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Mexican Cultural Institute Celebrates Mexican Artistry

By Virginia Sciolino

In the midst of the contentious debate over immigration, the Mexican Cultural Institute has waded into the polarizing issue by regularly highlighting issues such as migration and multiculturalism. But it also regularly showcases Mexico’s artistic diversity and international collaboration, as seen in works by Bosco Sodi and José Sacal now on display in the institute’s historic 16th Street mansion.

The mansion, designed by the architects of the White House West Wing, was a meeting place for 20th-century celebrities before being acquired by the Mexican Embassy in 1921. After six decades, the embassy moved to Pennsylvania Avenue in 1989, giving the country a permanent space to showcase Mexican artists, including Roberto Cueva del Río, whose three-story mural depicts some of Mexico’s colorful traditions and provides a breathtaking backdrop to the grand entrance hall.

This month, the ground floor is also featuring the exhibition “Topographies by Bosco Sodi.”

“Topographies” is a series of three-dimensional canvases, each layered with materials from Mexico — soil, sawdust, clay and pigment. Sodi, who was trained as a geologist, calls these pieces “Topographies” because they resemble raised-relief maps rather than traditional paintings.

Sodi’s “Topographies”
In Sodi’s “Topographies,” naturally-forming fissures run through the black-and-white and deep red canvases. Photos provided by: Mexican Cultural Institute

In the first room, footage shows Sodi working at his foundation, Casa Wabi, in Oaxaca, Mexico. He works with his hands, plastering media onto the canvas. Yet, he does not strive to control the art he produces.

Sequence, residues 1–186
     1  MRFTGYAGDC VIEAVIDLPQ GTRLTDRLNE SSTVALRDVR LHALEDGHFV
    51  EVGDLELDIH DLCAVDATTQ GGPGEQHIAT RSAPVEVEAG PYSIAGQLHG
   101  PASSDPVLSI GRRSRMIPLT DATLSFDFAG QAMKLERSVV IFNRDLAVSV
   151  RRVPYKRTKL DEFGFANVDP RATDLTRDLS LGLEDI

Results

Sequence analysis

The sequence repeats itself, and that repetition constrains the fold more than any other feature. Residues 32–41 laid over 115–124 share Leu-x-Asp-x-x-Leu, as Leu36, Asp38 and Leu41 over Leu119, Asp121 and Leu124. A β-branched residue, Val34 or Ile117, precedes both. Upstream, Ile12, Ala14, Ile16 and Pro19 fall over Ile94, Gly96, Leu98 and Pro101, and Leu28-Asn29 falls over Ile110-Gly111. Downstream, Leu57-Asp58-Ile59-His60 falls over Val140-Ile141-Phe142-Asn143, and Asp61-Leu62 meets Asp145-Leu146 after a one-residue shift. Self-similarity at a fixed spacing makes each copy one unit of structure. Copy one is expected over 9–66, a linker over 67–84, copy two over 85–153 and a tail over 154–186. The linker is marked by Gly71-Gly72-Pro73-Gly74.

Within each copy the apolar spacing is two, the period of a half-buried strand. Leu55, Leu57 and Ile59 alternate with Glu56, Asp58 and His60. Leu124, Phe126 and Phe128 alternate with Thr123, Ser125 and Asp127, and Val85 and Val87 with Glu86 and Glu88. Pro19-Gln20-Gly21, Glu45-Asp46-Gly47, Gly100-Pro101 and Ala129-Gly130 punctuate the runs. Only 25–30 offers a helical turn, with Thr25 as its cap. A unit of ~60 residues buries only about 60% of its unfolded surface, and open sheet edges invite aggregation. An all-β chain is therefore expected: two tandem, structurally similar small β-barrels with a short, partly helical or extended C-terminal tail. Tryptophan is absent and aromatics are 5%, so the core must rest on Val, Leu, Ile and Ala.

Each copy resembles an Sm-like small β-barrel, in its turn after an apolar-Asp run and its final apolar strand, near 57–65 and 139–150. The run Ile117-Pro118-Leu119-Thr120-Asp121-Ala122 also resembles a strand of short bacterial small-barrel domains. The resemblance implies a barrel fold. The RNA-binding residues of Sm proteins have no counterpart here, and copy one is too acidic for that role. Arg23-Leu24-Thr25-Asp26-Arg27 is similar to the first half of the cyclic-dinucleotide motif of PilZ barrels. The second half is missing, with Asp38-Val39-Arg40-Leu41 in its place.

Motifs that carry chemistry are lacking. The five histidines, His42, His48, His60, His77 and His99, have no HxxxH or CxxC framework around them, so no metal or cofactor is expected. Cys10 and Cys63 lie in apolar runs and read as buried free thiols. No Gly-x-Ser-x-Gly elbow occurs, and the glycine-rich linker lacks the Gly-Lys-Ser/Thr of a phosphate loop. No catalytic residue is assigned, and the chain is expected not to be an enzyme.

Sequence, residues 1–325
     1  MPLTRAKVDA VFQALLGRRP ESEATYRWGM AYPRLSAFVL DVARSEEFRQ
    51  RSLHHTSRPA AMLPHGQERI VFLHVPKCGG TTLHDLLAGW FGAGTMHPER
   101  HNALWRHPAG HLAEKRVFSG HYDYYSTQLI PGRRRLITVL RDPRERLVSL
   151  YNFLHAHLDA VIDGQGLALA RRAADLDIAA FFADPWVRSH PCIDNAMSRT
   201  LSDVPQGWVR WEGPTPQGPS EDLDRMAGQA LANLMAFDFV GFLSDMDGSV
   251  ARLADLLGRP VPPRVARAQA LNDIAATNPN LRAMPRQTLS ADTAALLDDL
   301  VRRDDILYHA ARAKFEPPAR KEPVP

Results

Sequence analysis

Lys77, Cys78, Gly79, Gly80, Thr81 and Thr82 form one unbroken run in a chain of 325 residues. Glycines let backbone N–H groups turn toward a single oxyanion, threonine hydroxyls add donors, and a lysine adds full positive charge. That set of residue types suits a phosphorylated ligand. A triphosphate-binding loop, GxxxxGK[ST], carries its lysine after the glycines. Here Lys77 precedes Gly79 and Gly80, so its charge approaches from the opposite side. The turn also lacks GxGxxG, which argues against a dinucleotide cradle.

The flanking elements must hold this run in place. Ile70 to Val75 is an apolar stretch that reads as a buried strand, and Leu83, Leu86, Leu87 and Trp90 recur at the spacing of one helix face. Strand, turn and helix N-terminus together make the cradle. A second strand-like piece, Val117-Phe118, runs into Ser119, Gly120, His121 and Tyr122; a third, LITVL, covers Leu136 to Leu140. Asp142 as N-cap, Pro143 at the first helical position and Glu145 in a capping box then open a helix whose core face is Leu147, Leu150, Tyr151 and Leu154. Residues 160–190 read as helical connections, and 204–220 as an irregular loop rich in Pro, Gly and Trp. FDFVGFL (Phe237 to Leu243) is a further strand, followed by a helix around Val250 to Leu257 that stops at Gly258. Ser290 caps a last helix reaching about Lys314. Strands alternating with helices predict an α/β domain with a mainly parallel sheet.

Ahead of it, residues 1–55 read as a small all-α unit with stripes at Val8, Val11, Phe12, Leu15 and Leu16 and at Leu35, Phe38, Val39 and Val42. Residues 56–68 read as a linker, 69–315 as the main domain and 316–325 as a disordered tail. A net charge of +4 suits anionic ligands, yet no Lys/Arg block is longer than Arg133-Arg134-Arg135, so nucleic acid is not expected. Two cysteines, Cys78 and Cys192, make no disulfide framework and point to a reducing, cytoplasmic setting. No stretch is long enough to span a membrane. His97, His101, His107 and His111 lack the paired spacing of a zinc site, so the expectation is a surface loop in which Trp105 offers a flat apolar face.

Beatriz Nava, the institute’s director, pointed to the intensely dimensional canvases to show fissures that weave like valleys through Sodi’s complex yet primitive geographical landscapes. According to Nava, these fissures appeared after Sodi left his work to settle overnight. They were evidence of the materials interacting with each other — results that the artist could not have planned himself. In Nava’s words, “The art creates itself.”

This is one characteristic of the “wabi-sabi” tradition that inspires Sodi’s work. The practice, established in 15th-century Japan, seeks perfection from the imperfect. It finds beauty in authentic, natural and simple artwork.

When the paintings “create themselves,” they embody the wabi-sabi philosophy. The art is not governed by the artist itself, but fueled by the materials that compose it.

Footage also shows Sodi firing bricks in his own kilns at Casa Wabi. Per his wabi-sabi influences, these bricks present an organic, asymmetrical beauty.

He brought these bricks from Mexico to the United States at his first public installation, “Muro.” Shown in Washington Square Park in New York City, “Muro” asked passersby to construct a wall using Sodi’s bricks, then to deconstruct it.

The exhibit also showcases bricks sculpted and volcanic rock painted by Sodi.